I’ve now spent 37 years in the telecommunications industry and it has never been just a job for me.

I continue to marvel at the technology and the opportunities it enables. I’ve mentioned before that I will sometimes be driving on a highway here in Canada, talking to my daughter sitting on a high speed commuter train halfway around the world, without either of us having to think about the cost. It wasn’t always that way. Twenty-five years ago today, we created the framework that enabled today’s competitive communications environment.

Competitive communications in Canada: Happy 25th anniversary.

1 thought on “25 years of telecom competition”

  1. What a great note about the journey to competitive environment in Canada Mark! I too remember the challenges involved in us working as enterprise customers to try to have the right to have alternate carriers for telecom services.

    My role was from a very different perspective than yours though. I was representing HP as the corporate Network Manager and vice-chair of the former Canadian Business Telecommunications Alliance (CBTA, a user group of corporate and government customers who supported the bid for competition). Our telecom public policy committee consisted of representatives from the top Canadian government and enterprise customers as well as colleges, universities and non-profit organizations. It was my first time in front of the CRTC related to a hearing, and being involved in the regulatory process was certainly an interesting education and journey.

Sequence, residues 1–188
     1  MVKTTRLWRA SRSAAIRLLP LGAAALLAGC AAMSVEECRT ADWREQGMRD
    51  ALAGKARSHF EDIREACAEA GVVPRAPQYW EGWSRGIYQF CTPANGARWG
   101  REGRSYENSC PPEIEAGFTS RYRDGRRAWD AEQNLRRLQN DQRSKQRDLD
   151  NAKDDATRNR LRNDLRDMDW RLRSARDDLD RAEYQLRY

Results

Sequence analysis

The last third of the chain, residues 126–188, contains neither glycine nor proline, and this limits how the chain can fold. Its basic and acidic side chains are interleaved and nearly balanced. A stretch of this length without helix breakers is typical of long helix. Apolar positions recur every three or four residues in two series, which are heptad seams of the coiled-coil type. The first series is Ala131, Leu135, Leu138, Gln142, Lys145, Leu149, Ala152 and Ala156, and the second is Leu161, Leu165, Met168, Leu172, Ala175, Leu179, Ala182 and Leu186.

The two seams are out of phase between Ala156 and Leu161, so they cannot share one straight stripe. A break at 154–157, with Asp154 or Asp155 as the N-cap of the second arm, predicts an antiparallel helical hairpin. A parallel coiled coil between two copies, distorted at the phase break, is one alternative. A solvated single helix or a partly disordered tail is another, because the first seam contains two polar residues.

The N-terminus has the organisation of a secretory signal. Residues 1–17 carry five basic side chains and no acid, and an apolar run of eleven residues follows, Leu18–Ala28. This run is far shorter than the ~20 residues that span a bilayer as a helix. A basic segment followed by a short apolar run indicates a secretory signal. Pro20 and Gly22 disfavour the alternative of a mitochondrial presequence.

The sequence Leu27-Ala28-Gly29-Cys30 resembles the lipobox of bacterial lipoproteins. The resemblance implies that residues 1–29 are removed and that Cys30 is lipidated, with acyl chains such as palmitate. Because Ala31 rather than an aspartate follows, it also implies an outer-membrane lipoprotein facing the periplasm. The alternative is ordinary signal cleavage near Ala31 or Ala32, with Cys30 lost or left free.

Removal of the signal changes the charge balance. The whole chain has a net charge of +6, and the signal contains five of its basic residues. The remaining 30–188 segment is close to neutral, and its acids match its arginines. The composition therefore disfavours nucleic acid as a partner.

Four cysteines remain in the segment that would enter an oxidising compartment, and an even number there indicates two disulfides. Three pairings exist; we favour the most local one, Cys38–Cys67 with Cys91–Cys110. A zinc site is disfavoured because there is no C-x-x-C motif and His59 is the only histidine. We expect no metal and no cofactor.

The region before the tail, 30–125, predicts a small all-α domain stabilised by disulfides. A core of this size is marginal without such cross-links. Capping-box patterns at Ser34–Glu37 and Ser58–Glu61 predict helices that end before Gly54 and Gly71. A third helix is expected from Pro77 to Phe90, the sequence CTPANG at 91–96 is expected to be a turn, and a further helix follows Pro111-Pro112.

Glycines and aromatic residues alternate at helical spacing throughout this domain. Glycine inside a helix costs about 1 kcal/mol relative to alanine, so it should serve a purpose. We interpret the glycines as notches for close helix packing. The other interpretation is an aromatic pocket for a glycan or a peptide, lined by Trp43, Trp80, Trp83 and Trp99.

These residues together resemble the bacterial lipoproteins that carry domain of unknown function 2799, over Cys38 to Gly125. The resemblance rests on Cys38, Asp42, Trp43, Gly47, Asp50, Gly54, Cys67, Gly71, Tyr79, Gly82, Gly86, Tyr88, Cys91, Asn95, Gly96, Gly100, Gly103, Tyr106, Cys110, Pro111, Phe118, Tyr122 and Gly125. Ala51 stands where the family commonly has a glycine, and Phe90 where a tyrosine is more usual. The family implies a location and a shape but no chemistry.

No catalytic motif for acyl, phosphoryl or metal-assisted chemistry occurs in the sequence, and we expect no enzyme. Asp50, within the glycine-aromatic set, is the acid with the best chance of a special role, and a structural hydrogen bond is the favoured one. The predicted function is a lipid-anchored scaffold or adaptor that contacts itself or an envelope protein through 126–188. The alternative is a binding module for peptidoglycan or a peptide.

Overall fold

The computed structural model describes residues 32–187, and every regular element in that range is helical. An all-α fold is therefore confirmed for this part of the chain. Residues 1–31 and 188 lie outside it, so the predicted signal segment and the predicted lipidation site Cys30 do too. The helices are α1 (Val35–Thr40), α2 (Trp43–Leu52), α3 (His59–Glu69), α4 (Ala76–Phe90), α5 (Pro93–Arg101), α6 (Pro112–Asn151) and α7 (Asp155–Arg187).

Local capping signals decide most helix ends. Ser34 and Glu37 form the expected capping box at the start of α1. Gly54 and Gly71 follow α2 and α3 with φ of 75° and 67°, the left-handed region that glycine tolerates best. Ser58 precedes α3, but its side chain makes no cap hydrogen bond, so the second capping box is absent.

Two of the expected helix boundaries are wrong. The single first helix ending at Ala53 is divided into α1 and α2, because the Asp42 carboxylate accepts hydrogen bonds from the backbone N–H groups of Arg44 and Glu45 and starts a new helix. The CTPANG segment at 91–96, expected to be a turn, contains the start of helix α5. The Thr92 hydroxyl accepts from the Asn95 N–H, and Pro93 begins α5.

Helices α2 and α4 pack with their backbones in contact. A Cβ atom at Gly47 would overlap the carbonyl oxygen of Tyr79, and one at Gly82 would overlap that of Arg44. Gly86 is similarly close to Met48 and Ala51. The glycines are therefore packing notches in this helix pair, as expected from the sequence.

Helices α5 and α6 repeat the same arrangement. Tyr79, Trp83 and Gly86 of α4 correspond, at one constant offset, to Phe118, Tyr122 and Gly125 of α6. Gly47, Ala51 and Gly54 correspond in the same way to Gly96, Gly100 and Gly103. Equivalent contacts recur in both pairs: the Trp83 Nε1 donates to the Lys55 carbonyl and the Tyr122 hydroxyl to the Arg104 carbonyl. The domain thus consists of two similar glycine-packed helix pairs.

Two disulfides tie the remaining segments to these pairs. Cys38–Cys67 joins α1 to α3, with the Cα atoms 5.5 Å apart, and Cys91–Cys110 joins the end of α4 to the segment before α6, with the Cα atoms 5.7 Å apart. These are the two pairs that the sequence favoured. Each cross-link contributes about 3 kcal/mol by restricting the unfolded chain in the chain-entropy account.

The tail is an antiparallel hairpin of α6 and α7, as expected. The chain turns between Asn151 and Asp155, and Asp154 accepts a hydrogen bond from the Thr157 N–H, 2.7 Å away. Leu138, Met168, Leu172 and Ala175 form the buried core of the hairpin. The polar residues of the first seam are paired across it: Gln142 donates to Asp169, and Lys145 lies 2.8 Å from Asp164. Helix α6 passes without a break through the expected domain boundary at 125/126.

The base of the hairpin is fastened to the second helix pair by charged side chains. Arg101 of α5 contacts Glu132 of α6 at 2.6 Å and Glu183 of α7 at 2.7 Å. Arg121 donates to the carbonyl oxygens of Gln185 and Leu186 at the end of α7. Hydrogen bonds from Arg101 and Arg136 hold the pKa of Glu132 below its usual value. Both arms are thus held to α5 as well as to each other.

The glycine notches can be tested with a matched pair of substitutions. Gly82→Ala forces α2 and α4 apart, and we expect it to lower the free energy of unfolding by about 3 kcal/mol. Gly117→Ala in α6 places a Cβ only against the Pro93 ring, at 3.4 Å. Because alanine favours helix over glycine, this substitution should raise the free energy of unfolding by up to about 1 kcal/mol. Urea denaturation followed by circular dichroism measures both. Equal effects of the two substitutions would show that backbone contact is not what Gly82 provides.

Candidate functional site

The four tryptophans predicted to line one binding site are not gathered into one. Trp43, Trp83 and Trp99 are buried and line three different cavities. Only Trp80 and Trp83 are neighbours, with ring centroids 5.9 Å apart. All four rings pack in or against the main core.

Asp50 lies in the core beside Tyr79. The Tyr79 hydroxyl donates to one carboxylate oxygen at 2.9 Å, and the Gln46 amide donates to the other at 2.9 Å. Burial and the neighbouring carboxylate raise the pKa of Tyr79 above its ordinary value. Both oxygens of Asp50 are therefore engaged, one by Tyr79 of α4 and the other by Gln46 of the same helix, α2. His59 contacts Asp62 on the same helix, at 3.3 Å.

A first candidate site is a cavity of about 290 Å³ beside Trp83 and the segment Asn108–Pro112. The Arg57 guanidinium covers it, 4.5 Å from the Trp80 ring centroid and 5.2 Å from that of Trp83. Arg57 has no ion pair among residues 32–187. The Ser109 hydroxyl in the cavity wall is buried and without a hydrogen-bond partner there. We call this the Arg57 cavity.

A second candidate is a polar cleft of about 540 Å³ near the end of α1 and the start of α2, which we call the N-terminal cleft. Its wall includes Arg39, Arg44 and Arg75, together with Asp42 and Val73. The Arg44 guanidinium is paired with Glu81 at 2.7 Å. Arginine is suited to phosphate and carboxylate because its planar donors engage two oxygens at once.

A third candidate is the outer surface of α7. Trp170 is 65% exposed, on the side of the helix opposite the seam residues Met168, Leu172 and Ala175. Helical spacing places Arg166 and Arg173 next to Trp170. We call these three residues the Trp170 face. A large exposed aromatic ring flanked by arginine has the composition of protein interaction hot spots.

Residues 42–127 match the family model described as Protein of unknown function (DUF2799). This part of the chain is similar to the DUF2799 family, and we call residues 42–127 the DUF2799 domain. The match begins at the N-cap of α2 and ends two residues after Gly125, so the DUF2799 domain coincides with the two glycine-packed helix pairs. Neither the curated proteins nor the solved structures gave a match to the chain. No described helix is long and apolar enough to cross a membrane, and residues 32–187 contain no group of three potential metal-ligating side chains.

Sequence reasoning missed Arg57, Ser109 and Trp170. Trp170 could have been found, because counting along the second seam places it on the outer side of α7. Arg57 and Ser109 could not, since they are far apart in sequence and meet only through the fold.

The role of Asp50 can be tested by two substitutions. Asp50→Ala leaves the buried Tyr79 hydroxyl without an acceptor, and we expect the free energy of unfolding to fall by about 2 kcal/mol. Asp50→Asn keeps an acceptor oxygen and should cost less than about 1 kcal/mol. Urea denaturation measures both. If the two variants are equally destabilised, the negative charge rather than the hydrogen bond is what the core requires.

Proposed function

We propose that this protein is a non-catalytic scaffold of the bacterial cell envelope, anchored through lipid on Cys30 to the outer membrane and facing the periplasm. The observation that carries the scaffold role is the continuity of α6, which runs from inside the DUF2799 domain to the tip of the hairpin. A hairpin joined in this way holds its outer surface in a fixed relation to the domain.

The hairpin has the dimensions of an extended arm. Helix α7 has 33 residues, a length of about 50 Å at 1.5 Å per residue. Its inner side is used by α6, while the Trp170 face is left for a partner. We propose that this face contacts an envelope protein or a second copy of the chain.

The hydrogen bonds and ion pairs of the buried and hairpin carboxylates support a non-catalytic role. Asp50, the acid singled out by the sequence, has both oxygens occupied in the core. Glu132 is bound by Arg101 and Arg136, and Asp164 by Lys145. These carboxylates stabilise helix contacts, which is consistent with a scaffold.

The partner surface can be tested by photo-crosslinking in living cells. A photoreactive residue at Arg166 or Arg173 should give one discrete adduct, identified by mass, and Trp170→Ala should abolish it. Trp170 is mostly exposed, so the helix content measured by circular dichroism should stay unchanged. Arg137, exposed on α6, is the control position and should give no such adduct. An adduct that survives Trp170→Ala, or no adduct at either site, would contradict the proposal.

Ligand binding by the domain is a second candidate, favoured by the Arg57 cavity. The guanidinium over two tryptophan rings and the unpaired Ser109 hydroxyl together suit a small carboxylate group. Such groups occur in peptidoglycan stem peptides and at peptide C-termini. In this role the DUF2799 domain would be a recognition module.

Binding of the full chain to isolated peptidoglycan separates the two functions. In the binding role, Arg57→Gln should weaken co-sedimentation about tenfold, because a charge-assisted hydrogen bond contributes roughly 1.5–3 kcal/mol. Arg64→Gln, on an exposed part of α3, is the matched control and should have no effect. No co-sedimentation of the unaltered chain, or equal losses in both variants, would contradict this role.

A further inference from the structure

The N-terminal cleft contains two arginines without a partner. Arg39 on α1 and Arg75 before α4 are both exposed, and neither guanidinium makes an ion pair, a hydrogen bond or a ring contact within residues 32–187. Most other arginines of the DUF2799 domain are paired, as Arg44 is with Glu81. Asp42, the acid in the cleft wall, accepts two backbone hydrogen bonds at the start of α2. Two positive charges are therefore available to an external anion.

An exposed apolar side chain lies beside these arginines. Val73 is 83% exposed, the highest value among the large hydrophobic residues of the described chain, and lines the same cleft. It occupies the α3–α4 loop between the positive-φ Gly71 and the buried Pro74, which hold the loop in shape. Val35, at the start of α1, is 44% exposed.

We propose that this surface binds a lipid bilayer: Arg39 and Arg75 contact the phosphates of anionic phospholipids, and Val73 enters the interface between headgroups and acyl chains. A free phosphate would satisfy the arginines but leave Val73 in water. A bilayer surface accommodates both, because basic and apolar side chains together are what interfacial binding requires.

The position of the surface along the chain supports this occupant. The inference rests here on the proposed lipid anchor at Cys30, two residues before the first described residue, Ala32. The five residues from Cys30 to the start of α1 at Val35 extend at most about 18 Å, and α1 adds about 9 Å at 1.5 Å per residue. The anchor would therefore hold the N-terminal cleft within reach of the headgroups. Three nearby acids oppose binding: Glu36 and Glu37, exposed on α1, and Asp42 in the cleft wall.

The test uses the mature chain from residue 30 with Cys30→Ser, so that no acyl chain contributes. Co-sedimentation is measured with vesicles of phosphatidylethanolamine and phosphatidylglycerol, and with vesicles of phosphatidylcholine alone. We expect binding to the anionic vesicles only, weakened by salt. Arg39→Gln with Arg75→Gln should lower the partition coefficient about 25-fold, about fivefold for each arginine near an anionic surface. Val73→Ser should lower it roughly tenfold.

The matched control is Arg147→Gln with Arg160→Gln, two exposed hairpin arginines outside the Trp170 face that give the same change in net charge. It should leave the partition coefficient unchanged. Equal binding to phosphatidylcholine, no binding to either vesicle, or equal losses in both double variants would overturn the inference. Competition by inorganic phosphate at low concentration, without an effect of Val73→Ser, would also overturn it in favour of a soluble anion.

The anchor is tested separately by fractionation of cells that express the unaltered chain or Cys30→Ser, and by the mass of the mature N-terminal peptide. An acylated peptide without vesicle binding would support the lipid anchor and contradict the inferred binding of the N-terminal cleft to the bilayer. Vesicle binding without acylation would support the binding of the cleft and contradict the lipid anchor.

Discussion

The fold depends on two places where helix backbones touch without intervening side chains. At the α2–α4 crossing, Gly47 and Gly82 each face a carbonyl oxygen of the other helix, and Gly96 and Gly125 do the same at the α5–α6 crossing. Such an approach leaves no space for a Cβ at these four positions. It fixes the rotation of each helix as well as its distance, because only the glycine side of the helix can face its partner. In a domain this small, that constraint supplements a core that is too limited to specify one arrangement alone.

Like you, I met a lot of amazing people through this regulatory journey, some of whom I still keep in touch with to this day, including you!

    I consider our Canadian telecommunications technology environment to be one of the best in the world, particularly given our geographical challenges compared to our limited population for revenue, and applaud the CRTC in their recent decisions to keep driving improvements for us to enable communications to support Canadian innovation!

    I rely on both wired and wireless broadband services to run my technology companies from wherever I need to work from, and appreciate the impact that competition has provided. Let’s hope we can ensure that telecom providers continue to invest in the infrastructures to grow capacity and performance as we evolve to an innovation nation again!